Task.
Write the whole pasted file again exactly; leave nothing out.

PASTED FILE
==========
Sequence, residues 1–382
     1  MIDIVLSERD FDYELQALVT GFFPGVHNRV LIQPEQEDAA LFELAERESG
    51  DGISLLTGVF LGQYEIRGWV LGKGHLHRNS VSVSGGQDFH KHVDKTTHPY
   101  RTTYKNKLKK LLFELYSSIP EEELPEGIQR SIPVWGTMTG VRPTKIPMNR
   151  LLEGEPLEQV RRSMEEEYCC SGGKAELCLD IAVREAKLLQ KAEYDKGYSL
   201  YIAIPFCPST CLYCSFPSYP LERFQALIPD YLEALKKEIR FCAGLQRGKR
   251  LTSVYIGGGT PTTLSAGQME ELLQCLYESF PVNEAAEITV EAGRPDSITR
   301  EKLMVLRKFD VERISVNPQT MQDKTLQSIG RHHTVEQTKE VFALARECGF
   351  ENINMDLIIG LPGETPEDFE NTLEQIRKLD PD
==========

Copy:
Sequence, residues 1–382
     1  MIDIVLSERD FDYELQALVT GFFPGVHNRV LIQPEQEDAA LFELAERESG
    51  DGISLLTGVF LGQYEIRGWV LGKGHLHRNS VSVSGGQDFH KHVDKTTHPY
   101  RTTYKNKLKK LLFELYSSIP EEELPEGIQR SIPVWGTMTG VRPTKIPMNR
   151  LLEGEPLEQV RRSMEEEYCC SGGKAELCLD IAVREAKLLQ KAEYDKGYSL
   201  YIAIPFCPST CLYCSFPSYP LERFQALIPD YLEALKKEIR FCAGLQRGKR
   251  LTSVYIGGGT PTTLSAGQME ELLQCLYESF PVNEAAEITV EAGRPDSITR
   301  EKLMVLRKFD VERISVNPQT MQDKTLQSIG RHHTVEQTKE VFALARECGF
   351  ENINMDLIIG LPGETPEDFE NTLEQIRKLD PD